As early as the halfway mark of the Iditarod Trail Sled Dog Race, 25-year-old Dallas Seavey revealed the plan that would crown him the youngest champion in race history. The blueprint: Throttle his team's speed early, resist the temptation to surge ahead, spring the trap.
Or, as Seavey likes to say, he was creating a monster.
"We built the winning team during the race," Seavey said, crediting the win on the mid-race restraint he showed even as others leaped ahead. "As soon as (other) teams really started coming together, they took off and started racing and tore it all apart."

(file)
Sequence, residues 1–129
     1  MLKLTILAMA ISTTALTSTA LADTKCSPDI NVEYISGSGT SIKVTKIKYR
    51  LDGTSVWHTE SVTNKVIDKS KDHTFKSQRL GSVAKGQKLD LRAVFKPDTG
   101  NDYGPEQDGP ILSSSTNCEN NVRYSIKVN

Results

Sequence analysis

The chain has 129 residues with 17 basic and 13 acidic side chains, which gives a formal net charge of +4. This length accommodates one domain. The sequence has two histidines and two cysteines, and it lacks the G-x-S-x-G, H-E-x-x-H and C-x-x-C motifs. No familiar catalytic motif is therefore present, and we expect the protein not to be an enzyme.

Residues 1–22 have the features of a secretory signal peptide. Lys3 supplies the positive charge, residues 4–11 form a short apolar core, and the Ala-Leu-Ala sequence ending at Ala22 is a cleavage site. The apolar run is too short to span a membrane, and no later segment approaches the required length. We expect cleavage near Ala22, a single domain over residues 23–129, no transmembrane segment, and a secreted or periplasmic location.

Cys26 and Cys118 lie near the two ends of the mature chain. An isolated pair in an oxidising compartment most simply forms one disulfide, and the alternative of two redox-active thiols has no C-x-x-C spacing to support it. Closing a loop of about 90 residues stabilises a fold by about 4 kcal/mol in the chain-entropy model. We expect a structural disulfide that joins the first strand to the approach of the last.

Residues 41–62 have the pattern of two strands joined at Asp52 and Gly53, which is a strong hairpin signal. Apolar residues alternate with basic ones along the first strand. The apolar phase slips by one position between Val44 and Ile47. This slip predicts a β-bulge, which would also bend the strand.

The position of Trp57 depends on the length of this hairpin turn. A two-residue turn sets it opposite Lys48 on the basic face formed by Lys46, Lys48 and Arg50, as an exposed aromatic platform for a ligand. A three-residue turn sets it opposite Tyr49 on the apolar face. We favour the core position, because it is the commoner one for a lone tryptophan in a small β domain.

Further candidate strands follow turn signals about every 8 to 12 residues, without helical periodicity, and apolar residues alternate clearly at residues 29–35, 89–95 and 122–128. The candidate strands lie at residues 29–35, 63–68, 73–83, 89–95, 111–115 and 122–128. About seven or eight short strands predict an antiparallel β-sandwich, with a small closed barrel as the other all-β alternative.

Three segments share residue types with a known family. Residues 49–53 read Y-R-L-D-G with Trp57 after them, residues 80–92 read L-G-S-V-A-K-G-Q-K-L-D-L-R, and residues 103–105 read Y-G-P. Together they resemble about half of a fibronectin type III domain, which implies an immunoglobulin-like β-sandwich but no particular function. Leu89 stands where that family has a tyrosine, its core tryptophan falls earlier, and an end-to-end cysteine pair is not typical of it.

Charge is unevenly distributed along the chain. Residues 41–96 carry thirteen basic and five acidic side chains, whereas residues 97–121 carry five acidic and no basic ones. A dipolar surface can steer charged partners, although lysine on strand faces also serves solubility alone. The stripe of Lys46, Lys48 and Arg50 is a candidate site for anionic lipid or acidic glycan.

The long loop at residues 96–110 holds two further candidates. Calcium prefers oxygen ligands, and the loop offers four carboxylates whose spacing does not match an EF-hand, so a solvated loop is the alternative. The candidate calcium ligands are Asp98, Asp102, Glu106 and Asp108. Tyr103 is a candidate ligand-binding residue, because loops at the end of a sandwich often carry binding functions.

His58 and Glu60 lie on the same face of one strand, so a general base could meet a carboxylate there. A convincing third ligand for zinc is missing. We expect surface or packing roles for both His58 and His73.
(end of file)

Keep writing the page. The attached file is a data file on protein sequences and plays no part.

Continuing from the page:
A third-generation musher who shared the race trail this year with his father and grandfather, Seavey kicked from White Mountain to Nome on Tuesday. A north wind walloped his sled, fanning snow into the Bering Sea as the young musher extended his lead into Safety and pushed ahead for the title.
Seavey finished at 7:29 p.m., an hour ahead of runner-up Aliy Zirkle. His total time for the 975-mile race was 9 days, 4 hours, 29 minutes and 26 seconds.
Under the burled arch, Seavey hinted that his predictions of victory and his regular recitations of his game plan at all points along the trail may have been more for himself than anyone else.